Tuesday, March 13, 2012

The price of gas and our oil addiction

The nation sometimes reminds me of a man I knew many years ago.  He smoked two packs of cigarettes a day for most of his adult life – if adulthood starts at 16 when he said he started smoking.  At 65, wheezing and dizzy, he went to the doctor and said, fix me.  The doctor prescribed a bunch of medicine that he promptly retrieved from the local pharmacy.  He then went home, took the medicine which helped him breathe easier.  But, he just continued to smoke.  He died a few years later.

America is moving in the same direction when it comes to the gasoline driven society we live in.  Gas prices are on the rise and everyone is upset.  (I am also affected because my job requires me to drive from business to business all day long.)  Recent polls illustrates that we are changing our political allegiance based on the rising prices.  We think that Obama has done little to keep gas cheap and think the republicans will do a better job.      

All of that is going on while we do nothing about our addiction to oil. 
The price of gas is driven up by conditions around the globe that we can’t control.  Syria is in a deep crisis.  Israel and the people of the Gaza strip are throwing bombs back and forth over their borders.  Iran is moving toward nuclear weapons and it could spark even more violence.  The revolutions in North African countries have destabilized the entire region.  China has grown so large economically that its demand for oil is increasing dramatically.  All of this is placing pressure on sources of crude and supply lines.   

Making it worse is that we have no alternatives.  Our communities are designed to have a car for every person.  Mass transit, especially here in southeast Michigan, is dismal.  To develop the needed alternatives, we need investment.  But, it isn’t coming because the price of gas is staying below the threshold to bring more money into the alternative fuel markets.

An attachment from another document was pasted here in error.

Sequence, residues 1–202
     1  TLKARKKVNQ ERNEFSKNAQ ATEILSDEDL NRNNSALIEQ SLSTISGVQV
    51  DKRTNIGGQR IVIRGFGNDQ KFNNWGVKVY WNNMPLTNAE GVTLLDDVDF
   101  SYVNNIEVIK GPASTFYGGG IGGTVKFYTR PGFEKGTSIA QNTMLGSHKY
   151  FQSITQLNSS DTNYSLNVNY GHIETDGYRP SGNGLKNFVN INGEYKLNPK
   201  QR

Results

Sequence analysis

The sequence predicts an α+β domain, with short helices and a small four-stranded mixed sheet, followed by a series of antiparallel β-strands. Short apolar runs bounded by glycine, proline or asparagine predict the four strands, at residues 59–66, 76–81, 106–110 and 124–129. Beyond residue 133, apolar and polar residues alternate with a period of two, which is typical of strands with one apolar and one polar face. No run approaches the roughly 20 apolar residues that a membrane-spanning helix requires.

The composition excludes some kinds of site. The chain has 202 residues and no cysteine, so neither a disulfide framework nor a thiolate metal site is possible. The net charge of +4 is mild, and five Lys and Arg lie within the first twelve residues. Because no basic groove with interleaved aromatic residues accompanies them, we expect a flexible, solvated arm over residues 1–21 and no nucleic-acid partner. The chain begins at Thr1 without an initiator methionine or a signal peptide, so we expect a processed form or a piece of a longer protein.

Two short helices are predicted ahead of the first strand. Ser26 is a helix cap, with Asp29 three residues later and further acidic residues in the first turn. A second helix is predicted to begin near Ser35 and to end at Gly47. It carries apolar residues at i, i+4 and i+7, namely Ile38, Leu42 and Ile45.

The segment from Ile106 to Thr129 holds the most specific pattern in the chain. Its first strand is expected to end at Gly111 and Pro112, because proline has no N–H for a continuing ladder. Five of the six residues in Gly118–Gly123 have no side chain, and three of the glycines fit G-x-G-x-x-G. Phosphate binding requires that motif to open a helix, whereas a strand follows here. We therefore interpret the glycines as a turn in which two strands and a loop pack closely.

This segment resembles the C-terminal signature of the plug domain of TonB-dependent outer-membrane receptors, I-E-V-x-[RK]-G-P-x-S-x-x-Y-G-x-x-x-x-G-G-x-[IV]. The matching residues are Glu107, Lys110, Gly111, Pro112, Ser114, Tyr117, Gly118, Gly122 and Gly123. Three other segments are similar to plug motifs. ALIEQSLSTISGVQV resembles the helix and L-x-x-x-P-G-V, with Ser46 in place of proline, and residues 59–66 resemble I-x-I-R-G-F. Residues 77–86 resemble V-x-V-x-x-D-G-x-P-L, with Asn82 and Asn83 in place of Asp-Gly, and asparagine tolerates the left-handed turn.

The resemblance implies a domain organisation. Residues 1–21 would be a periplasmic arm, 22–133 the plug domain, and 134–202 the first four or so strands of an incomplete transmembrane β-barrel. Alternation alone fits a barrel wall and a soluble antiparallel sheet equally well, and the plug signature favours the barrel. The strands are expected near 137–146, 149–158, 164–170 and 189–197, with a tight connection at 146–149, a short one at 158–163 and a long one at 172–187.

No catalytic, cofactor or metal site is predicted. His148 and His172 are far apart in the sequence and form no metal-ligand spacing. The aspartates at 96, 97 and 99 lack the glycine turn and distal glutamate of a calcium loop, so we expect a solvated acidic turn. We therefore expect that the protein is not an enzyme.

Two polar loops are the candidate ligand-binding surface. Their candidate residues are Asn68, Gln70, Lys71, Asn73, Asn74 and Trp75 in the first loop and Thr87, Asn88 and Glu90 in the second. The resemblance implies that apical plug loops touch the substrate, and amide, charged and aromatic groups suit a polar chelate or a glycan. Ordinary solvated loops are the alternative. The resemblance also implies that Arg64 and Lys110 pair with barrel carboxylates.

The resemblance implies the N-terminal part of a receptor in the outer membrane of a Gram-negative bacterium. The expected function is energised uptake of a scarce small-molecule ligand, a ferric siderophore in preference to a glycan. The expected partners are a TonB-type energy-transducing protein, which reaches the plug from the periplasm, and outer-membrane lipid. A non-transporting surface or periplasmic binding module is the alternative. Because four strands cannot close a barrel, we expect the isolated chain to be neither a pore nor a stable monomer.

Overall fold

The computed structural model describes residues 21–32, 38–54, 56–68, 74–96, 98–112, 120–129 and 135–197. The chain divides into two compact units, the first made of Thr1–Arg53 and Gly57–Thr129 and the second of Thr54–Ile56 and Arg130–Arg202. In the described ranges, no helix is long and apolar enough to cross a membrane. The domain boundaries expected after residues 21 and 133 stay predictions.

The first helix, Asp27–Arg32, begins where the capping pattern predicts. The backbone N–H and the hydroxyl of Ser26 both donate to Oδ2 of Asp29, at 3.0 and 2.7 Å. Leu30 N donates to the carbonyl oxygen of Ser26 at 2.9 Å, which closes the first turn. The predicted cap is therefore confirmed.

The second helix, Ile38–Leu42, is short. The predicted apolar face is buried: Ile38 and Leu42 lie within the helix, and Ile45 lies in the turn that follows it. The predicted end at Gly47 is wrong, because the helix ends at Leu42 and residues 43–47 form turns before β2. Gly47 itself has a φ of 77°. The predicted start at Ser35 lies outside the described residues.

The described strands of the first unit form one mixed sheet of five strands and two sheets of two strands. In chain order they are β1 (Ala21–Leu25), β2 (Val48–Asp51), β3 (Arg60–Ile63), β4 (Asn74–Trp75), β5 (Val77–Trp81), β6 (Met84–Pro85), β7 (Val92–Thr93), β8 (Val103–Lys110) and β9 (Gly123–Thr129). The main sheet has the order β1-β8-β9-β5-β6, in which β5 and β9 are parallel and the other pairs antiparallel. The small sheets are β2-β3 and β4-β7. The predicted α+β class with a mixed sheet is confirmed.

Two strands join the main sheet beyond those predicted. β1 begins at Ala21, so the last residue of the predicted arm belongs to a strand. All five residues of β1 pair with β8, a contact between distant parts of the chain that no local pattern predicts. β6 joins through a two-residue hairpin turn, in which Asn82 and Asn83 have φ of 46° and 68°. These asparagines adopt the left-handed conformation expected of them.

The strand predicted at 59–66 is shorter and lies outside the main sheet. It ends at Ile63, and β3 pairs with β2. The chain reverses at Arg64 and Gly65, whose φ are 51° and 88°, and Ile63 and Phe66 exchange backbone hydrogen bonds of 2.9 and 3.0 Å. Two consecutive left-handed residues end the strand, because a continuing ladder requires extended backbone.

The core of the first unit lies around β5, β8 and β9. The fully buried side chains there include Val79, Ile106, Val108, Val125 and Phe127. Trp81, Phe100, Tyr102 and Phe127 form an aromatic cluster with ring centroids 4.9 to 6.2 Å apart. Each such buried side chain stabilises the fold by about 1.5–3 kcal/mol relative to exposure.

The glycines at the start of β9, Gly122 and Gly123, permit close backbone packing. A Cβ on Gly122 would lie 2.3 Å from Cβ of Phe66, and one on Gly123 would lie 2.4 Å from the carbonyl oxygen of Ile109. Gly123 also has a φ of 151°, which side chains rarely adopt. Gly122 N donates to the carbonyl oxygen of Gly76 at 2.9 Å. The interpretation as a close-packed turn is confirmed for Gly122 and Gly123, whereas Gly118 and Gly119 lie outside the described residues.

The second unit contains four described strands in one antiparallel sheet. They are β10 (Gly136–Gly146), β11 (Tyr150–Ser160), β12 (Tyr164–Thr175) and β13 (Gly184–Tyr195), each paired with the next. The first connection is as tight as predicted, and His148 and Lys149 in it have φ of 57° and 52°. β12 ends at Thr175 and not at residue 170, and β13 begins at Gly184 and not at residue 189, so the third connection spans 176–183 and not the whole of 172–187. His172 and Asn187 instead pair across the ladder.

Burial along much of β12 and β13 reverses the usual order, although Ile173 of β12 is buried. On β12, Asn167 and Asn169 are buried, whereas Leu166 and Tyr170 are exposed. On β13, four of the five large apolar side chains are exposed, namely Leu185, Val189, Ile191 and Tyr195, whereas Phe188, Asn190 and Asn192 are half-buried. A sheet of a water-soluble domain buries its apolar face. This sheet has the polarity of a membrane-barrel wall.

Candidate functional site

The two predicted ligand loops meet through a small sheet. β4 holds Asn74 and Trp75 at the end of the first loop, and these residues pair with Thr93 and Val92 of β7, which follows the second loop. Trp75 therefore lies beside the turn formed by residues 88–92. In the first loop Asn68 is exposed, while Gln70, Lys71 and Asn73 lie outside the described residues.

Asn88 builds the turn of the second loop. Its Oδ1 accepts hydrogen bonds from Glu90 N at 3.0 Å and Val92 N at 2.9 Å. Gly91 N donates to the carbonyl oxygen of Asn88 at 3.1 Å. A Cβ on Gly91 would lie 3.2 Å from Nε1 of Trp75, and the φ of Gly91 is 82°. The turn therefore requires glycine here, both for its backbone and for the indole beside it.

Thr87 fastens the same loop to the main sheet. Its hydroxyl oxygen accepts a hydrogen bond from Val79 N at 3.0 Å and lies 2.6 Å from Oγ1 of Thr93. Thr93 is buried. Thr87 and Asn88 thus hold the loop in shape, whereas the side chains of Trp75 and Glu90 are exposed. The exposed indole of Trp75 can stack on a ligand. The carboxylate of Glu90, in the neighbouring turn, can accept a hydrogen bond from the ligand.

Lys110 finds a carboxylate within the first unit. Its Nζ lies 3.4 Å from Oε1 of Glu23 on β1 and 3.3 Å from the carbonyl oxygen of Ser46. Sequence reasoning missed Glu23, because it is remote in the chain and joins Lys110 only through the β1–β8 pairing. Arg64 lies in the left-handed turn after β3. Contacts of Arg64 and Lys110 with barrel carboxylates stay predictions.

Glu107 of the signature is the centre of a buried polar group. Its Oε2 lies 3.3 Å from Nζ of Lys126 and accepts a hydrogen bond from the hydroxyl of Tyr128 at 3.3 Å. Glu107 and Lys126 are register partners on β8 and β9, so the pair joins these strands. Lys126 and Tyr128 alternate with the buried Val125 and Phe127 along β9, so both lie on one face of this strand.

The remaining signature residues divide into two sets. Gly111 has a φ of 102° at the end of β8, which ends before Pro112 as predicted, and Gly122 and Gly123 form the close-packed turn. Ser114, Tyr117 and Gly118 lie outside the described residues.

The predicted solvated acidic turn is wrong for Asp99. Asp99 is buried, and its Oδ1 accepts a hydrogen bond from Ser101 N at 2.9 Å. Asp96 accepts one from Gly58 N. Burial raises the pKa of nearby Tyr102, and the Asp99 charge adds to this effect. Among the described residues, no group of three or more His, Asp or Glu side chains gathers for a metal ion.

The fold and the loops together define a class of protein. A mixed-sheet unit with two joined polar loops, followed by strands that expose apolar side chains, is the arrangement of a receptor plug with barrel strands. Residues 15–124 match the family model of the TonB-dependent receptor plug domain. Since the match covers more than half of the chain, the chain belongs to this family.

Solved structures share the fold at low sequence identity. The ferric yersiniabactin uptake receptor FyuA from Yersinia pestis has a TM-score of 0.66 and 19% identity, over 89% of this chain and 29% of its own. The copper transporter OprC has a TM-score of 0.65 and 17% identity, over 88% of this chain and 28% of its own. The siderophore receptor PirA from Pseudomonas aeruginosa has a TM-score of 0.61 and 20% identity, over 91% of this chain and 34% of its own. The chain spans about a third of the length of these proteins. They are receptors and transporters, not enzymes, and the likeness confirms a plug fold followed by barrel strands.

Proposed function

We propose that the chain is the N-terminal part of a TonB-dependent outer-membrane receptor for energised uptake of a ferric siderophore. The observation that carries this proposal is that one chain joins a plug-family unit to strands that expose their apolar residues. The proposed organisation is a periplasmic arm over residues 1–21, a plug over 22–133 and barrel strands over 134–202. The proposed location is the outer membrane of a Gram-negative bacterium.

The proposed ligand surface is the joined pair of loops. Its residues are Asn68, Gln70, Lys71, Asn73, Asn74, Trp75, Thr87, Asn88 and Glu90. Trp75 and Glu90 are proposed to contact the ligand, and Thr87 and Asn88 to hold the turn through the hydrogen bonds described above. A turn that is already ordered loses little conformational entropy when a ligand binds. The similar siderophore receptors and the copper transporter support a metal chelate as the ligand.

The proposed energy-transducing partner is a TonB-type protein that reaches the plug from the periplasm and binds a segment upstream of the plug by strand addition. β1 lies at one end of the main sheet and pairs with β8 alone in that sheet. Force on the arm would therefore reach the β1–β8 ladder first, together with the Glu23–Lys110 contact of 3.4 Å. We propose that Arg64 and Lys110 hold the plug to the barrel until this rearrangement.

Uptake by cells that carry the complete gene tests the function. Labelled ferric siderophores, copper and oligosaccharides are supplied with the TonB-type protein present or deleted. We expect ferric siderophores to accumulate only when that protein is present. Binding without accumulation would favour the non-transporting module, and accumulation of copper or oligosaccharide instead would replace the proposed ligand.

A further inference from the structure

If we just bring down the price of gas, which I am not sure we can anymore, it would be all better.  We can drive our cars a little longer and die.

Many of the most conservative politicians are suggesting that we drill for more oil here at home suggesting that it will bring down the price of gas.  But, sources tell us that we are.  More oil is being developed in the country than ever before, yet prices are still high.  Listen, just because we drill for oil here, it doesn’t mean oil companies will pass on the savings.  Even if it is cheaper because we produced it here, doesn’t mean they will sell it for less than the market price just like all the other sources do. 
Dare I say this, what we need to do is both let the market price of oil rise and encourage investment in alternative fuels.  Even though I drive all day long, oil prices need to rise.  Once the price threshold for alternative fuels is reached and sustained, new sources and markets will develop.

But, we also need to be prepared at the threshold price to move quickly to alternative fuels and markets.  The community must encourage investment in alternative fuels and develop other forms of transportation.  If we don’t, there will be a crisis.  Gas lines will be back, shortages will hurt third world economies and unemployment will rise again.  Economies and communities that find themselves in crisis mode risk failure and war with those communities that share their desire for the scarce resource.      
Successful communities innovate, not when they find themselves in crisis, but ahead of the crisis.  We need to take an honest look at our oil addiction and the market so we can move in a direction that averts crisis and places us on a path to a more secure future.

I just wish the man at the beginning of this blog had.  He was my grandfather and I could have had many more years with him in my life.